In Lewis v. City of Union City, No. 15-11362 (Mar. 21, 2019) (en banc), the Eleventh Circuit has adopted a new legal standard that will likely make it much more difficult for plaintiffs to prevail in intentional discrimination cases under Title VII of the Civil Rights Act of 1964 and other EEO laws. In the view of the Eleventh Circuit, absent direct evidence, a plaintiff establishes a prima facie case of discrimination only by presenting evidence that the employer treated her worse than others outside her protected class who are similar to her in all material respects. By making the plaintiff identify from the get-go someone who is similar to her in all material respects, the plaintiff will effectively have to eliminate any good reason for treating her less favorably. In other words, she'll have to prove a negative.
The Eleventh Circuit's decision is an interpretation of the Supreme Court's 1973 decision in McDonnell Douglas v. Green, the most important decision in all of EEO law. In 1999, the Eleventh Circuit noted in Wright v. Southland Corp. that the McDonnell Douglas decision was intended to make it somewhat easier for a plaintiff alleging discrimination to prevail without having to rely solely on the "traditional" framework for establishing causation. Thus, in McDonnell Douglas, the Supreme Court held that a plaintiff can establish a prima facie case, or presumption, of discrimination. In Lewis, the Eleventh Circuit has eliminated any advantage that a plaintiff might have in relying on McDonnell Douglas, by making it much harder for a plaintiff to establish a presumption of discrimination.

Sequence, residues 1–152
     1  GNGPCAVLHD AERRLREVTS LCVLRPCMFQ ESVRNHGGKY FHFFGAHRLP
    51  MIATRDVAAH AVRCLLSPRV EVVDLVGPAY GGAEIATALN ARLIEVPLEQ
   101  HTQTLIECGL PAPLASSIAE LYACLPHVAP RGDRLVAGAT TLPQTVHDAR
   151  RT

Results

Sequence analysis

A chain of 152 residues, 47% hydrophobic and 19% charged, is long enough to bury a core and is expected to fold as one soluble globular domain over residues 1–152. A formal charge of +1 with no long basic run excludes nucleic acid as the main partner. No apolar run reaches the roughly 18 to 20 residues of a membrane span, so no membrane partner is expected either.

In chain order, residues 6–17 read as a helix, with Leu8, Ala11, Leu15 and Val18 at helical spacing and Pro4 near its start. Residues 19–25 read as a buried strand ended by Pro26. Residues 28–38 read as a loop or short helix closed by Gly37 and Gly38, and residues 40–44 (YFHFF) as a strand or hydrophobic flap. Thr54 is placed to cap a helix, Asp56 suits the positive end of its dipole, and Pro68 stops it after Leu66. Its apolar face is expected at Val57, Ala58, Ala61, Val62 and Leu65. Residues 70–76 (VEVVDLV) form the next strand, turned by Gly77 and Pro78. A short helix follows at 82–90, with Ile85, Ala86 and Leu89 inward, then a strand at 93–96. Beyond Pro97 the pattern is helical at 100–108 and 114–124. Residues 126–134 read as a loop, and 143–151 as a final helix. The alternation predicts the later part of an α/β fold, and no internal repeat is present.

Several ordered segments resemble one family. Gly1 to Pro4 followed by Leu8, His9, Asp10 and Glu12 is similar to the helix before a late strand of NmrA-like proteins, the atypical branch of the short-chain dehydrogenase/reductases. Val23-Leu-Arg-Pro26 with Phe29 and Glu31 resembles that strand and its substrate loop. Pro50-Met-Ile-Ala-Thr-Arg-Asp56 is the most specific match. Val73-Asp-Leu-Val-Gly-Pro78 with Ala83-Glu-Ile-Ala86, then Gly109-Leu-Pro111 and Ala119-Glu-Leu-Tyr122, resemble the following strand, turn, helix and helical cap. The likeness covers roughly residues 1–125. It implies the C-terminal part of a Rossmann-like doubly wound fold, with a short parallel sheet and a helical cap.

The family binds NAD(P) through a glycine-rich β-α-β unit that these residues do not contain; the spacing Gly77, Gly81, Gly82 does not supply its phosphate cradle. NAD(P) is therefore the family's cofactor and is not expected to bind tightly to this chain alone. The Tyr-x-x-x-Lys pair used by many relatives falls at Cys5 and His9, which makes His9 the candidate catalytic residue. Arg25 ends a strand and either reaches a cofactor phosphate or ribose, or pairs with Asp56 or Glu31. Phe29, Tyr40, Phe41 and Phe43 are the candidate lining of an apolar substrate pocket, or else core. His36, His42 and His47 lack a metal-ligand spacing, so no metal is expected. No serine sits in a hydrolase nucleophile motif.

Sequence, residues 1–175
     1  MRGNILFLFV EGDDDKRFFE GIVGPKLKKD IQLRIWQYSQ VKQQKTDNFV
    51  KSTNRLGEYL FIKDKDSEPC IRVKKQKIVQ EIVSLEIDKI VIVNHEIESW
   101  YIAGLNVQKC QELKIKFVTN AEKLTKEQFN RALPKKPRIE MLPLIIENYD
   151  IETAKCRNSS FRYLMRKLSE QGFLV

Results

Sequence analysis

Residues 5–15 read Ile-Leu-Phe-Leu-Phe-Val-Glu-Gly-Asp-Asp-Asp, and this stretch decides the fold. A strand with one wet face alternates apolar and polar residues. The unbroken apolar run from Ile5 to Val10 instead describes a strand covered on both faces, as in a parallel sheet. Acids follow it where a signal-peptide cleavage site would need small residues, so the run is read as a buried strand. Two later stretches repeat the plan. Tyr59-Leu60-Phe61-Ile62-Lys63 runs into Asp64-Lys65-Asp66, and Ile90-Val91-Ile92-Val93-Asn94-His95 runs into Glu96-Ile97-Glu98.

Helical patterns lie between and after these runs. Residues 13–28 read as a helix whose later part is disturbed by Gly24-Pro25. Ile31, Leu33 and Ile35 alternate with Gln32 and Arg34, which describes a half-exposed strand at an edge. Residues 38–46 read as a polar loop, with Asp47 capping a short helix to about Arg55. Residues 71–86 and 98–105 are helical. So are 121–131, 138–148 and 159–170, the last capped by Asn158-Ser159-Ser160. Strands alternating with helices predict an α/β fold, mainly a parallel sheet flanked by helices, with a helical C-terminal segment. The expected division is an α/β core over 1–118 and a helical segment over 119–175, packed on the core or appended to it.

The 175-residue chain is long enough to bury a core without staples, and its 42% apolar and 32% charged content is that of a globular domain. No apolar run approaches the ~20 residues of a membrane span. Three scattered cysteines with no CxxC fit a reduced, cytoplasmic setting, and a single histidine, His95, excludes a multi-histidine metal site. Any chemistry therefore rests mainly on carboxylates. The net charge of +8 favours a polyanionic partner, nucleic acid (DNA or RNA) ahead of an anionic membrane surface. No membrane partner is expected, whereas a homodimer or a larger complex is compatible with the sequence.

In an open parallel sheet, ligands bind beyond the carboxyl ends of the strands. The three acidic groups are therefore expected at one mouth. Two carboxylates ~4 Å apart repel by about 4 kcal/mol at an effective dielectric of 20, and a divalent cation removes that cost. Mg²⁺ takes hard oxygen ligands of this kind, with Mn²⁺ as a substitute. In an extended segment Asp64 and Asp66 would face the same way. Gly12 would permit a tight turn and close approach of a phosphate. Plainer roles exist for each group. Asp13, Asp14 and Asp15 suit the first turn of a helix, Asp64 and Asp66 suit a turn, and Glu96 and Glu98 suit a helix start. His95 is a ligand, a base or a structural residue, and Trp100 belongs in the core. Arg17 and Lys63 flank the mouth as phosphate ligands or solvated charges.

Given how out of step the Lewis decision is, it may not be long for this world. Still, the Eleventh Circuit may not be alone in perceiving McDonnell Douglas as an unjustified boon to plaintiffs. Justice Gorsuch has argued that the framework it established should be abandoned. So even if the Eleventh Circuit got it wrong, some Justices may at least think that it was on the right track.
Update - 8/25/19: Although the en banc court rejected the plaintiff's claim under the McDonnell Douglas framework, the panel ruled for the plaintiff on remand under the "convincing mosaic" theory of discrimination. What's constitutes a "convincing mosaic"? The answer is that it's essentially whatever you think it is. And that's the problem, it's meaningless. Contrary to the Eleventh Circuit's view, there is no convincing mosaic theory of discrimination. The term originated in a line of cases by the Seventh Circuit, which recently clarified that "convincing mosaic" is not a legal test. Unfortunately, the Eleventh Circuit didn't get the message and made the colossal mistake of treating "convincing mosaic" as an independent framework for establishing discrimination. The en banc decision was a disaster, but the panel's remand decision is far worse.
This blog reflects the views solely of its author. It is not intended, and should not be regarded, as legal advice on how to analyze any particular set of facts.